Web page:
Last week a buddy of mine got me a free ticket to a concert.  I was just coming back from a vacation to DC.  I was really tired and not sure I wanted to go.  I had never even heard of this artist before and hadn’t taken the time to listen to any of his music beforehand.  But then I thought about how I had not been to a concert in over a year and decided it would be good for me to get out and see a new band.

I was really glad I did.  It was an awesome show.  Maybe it was because I went in with no expectations, but it was really refreshing to discover a new band that I like.  The artist is called Youth Lagoon and I have been listening to them a lot lately.  They feel like kind of a mix between St. Vincent and El Ten Eleven. Check it out.

 

 

Understanding Fandom

I have never really been into sports. I played soccer and basketball as a kid but for whatever reason I have never really taken a great interest in sports. Maybe because I suck at them. But I do enjoy the pickup games I sometimes play, and even if I didn’t you would think I could still enjoy watching others play.  I have often puzzled over what the appeal is of watching an NBA championship. You’ve seen one jump shot you’ve seen them all, right?

Then I heard this podcast on Radiolab: http://www.radiolab.org/story/153809-rules-set-you-free/. It explains how exceptional circumstances can give rise to plays where the competitors go “off book”. These novel moments make spectating exciting because they reveal the endless possibilities of the game and give us something unique to remember for a lifetime.

This was an epiphany for me. Maybe this is what gets people to obsess over sports so much. The same mechanic that gets them going back to the casino. Maybe Lambeau Field is just a big Skinner box that we have collectively decided is OK to get wrapped up in. This made sense, but I still couldn’t see myself spending three hours of my Saturday watching a hockey game just on the hope that I might see Alexandre Burrows bat in a hockey puck from mid-air. I mentioned this to Steel while we were all in California.  He basically confirmed that if my entry into fandom is through these off-book moments that is not going to be enough to hold interest.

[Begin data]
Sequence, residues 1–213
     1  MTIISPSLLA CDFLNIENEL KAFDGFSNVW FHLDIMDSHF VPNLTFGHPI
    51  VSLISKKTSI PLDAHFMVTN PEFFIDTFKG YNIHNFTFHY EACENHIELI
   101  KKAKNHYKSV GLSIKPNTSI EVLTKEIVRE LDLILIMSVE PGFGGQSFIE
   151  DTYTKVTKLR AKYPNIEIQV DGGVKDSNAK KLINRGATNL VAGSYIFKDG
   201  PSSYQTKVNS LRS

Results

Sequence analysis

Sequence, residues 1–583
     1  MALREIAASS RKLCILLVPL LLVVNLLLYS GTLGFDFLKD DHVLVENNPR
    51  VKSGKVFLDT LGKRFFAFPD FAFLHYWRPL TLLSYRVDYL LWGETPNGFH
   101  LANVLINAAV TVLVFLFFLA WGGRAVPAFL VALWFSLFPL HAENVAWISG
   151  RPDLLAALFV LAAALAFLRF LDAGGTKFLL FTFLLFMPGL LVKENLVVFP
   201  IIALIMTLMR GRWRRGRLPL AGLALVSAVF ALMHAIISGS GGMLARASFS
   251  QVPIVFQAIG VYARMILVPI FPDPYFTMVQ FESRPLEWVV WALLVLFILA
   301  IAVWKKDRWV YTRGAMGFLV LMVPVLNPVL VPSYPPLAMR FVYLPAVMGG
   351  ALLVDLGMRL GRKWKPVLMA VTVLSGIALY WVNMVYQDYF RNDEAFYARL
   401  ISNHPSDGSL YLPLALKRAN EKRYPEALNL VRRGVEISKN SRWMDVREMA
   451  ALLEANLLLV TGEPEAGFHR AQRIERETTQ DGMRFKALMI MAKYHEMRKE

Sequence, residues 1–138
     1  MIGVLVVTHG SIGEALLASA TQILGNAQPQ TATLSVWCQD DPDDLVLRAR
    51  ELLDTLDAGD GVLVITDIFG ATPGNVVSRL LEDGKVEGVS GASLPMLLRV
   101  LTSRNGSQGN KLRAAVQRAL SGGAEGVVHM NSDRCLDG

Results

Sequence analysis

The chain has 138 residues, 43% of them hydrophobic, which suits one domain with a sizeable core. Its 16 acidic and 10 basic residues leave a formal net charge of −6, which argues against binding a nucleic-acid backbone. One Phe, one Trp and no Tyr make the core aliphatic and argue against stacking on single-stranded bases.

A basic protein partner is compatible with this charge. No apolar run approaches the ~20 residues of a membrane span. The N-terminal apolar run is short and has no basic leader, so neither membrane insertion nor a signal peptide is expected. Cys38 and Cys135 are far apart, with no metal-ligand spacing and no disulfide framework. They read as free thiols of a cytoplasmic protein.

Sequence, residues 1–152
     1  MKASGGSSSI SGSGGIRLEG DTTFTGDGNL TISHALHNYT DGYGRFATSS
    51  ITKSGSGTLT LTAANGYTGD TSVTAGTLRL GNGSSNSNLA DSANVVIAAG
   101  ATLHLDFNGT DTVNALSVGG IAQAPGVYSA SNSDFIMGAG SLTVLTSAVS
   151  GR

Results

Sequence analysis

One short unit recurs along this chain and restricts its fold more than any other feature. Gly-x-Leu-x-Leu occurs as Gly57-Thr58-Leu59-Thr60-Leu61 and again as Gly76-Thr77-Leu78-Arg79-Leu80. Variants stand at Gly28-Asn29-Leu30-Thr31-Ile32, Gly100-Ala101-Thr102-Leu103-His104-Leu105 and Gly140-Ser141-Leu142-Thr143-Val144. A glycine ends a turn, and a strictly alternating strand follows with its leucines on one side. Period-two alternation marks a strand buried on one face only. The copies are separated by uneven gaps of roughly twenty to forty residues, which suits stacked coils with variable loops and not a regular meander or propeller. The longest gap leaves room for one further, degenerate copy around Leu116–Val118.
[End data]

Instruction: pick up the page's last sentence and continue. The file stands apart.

So what is it then that gets people coming back?  What is the economic incentive (behavioral or monetary) for someone to give hours and hours of time this week to a series of NBA games that will have no material impact on their life?  (Assuming they do not gamble.)

 

Then today I read an article that might be another clue into this world of fandom.  I don’t know why I clicked on this article about Stephen Curry’s performance in the NBA Finals.  I didn’t watch any of the games.  But I found it fascinating.  It think what drew me in was the statistical analysis and the underlying strategy that it revealed.  The article basically uses statistics to show in what areas Stephen excels and then recommends strategies that could optimize team performance.  The author then provides some counterpoints to his own argument and explores theories for why the team may not be adopting these strategies.

After reading this I was struck by how similar this article makes sports to video games.  Video games are great because you get constant performance feedback and can use that information to adjust your strategies to increase your chance of winning.  That seems to be exactly what this article is aiming to do.

So what do you guys think?  Is it stats and armchair strategizing that keeps people engaged in sports in the absence of off-book moments?  Or am I approaching this in a completely backwards manner.  Is it enough for most people to simply watch a sporting match and enjoy it without thinking about all this other stuff?

Wisdom from Jon

Hey guys.  Jon went on a pretty good rant on a family email chain recently so I am posting it here.  Enjoy.

The context is that our sister was concerned that Mom drinks too much Coke and she suggested that Mom should switch to coffee because it is less harmful.

Jon: You all are being really retarded right now. It’s called WATER. WATER. It is 100x healthier than soda and coffee. WATER. It cleans your teeth while soda and coffee just gunk it up. WATER. If you avoid getting hooked on those expensive other beverages it will be all you ever need for a pick me up. WATER. If you really cared about moms teeth you would tell her to drink WATER.

Sister: That’s fine, but mom is old. [paraphrased]